The ticking-time-bomb scenario is easy to dramatize but difficult to encounter. It's extraordinarily chancy that the combination of factors would occur: law enforcement actually catching someone in the act, gaining control and accurate knowledge of all aspects of the situation, except for one terrible thing that will still happen and can't be stopped in any way except with a passcode in exclusive possession of one person they also have control and accurate knowlege of. This is one-in-a-billion stuff — absolutely not what policy should be based upon, because the routine use of that policy will be in much more mundane, non-emergency situations that lack similar emotional urgency.
  • Reply 18 of 40
    zoetmbzoetmb Posts: 2,629member
    adm1 said:
    What's to say he hasn't "forgotten" the passcode now? The stress of the situation has maybe blurred his memory, I know there has been times I've completely forgotten my ATM pincode for an entire day then it suddenly came back to me the next day as if it was second nature to enter it. They would then have to prove contempt of court on whether he genuinely forgot or not, and how the hell do you "prove" that one way or another?!
    True.  In fact, I'm running an update on my phone right now and it asked me for the passcode.  Strangely, if it asked me on the regular sign-on screen, I would remember it.  But because this screen is slightly different, I got thrown and threw a blank for a bit.   And that happens to me quite often:  I forget passwords if I don't use them every day or almost every day.  

    But I'm puzzled about one thing:  how old is his iPhone?  Because if he has fingerprint control turned on, they don't need his passcode, only his finger.   I wonder why this didn't come up in court - even if the court ruled that he "has to" provide the passcode, would he be forced to use his finger to open the phone?


  • Reply 19 of 40
    hmlongco said:
    [...]
    What Apple needs to do is let the user setup a "self-destruct" passcode that, if entered, deletes user data for all/selected apps. (Tying this to a specific fingerprint wouldn't hurt things either.)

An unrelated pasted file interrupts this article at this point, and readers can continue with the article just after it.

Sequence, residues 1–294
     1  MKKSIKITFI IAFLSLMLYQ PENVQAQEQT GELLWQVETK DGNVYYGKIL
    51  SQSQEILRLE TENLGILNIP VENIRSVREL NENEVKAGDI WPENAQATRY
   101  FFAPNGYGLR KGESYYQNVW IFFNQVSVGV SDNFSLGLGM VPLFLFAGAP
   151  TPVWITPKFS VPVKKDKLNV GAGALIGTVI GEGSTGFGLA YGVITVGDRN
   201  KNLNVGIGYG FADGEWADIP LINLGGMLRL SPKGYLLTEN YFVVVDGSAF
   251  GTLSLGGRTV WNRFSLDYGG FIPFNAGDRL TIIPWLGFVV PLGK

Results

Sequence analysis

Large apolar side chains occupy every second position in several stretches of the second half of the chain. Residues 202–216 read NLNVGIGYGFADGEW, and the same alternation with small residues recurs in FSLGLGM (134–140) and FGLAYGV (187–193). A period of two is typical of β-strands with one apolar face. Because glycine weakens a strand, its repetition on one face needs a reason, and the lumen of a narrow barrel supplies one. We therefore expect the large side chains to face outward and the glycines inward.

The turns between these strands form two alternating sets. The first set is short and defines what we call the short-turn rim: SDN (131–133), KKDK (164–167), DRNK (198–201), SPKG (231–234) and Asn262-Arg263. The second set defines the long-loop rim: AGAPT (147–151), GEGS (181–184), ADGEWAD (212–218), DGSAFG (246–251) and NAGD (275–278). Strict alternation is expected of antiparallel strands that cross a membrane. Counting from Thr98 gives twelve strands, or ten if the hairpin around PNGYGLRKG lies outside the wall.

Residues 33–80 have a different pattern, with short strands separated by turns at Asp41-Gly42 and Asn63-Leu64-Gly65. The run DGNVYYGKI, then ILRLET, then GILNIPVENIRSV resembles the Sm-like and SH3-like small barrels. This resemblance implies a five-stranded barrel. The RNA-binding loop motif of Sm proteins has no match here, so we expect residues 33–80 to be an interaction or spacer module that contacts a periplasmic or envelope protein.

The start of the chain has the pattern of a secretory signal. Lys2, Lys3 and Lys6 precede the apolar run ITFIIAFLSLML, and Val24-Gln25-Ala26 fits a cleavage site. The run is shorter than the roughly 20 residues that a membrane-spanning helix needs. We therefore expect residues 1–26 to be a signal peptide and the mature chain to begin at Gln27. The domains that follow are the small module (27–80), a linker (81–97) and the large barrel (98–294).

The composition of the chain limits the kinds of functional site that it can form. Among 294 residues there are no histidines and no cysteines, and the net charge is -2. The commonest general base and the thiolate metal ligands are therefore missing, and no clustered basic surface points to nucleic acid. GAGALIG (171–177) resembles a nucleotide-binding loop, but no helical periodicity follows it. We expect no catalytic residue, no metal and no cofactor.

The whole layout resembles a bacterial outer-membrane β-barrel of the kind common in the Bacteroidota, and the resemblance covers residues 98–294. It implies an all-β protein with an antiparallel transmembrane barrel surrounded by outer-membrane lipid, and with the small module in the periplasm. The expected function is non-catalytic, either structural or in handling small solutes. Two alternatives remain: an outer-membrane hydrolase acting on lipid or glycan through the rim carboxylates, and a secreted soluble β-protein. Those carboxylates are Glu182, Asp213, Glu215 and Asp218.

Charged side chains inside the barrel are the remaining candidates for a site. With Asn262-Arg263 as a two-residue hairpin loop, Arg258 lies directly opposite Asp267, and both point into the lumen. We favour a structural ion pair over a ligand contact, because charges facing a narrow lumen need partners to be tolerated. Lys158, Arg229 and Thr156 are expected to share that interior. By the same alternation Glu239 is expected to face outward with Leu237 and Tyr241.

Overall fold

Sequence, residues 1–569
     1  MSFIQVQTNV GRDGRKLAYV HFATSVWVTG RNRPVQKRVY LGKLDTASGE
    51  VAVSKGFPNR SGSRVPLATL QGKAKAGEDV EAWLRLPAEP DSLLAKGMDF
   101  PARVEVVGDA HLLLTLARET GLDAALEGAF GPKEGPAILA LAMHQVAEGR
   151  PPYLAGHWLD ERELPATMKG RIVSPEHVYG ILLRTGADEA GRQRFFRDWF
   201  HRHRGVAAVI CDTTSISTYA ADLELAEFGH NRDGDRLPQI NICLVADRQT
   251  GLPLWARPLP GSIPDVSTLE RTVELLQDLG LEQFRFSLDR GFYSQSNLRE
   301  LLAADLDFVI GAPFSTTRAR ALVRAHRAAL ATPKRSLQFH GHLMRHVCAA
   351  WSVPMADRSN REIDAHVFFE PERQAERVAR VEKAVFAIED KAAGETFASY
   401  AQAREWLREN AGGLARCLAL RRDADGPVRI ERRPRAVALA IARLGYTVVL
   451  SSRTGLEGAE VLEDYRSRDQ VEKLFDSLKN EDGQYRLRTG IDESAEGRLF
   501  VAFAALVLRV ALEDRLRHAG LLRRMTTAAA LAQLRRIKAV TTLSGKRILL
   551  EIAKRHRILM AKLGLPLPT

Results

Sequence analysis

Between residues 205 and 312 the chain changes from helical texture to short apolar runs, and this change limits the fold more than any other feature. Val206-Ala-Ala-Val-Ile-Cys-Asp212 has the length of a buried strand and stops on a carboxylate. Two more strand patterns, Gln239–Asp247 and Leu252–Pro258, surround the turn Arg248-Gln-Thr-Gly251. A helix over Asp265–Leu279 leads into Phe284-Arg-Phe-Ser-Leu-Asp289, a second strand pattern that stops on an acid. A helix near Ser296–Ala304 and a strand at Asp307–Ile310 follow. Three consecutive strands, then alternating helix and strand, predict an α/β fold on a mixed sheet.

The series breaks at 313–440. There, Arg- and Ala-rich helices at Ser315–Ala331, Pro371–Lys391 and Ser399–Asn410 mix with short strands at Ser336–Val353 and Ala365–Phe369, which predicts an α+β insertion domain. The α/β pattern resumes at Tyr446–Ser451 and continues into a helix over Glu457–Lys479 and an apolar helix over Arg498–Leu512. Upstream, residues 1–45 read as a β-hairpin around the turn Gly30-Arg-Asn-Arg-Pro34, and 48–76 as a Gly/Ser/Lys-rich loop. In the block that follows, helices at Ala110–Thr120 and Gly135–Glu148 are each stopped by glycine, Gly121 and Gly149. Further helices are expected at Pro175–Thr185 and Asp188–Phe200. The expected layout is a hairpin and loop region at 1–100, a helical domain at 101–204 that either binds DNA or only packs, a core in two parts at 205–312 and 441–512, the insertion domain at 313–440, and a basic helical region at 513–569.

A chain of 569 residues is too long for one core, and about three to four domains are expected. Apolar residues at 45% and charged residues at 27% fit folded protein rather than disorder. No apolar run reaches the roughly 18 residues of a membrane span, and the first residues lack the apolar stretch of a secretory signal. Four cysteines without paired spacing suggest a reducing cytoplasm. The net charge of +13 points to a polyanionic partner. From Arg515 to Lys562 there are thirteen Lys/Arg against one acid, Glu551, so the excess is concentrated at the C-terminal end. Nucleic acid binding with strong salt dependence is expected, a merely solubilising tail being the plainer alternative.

Being able to delete selected applications or wipe application data is key, as typically you'd like the authorities to think they're looking at an ordinary phone, while in reality you've deleted all of the app data for Message or Facebook or Twitter or Mail, protecting that information and those communications and contacts.
    "0-0-0-Destruct-1"

    Everyone knows that
    That's tempering with evidence, at this juncture the phone is now the property of law enforcement, if you knowingly enter an incorrect passcode with the intention of destroying police evidence you will be convicted as though the original accusation was well proven thus adding what ever terms that particular crime carries in addition to doing the opposite of what the court ordered you do, remember its not a request, it's a demand that carries punishment if not followed to the letter that's why Apple can't refuse court orders, and can't mess with the information in their own servers because as soon as the order is rendered what ever is requested is thence owned by the authorities, well at least that's how it is over here
    icoco3xamax
  • Reply 20 of 40
    macxpress said:
    What if you were just to put it in wrong 10 times and let it erase itself?
    Then you are charged with destroying evidence I'd imagine. 

    There is always a way for authorities to get you, if they REALLY want.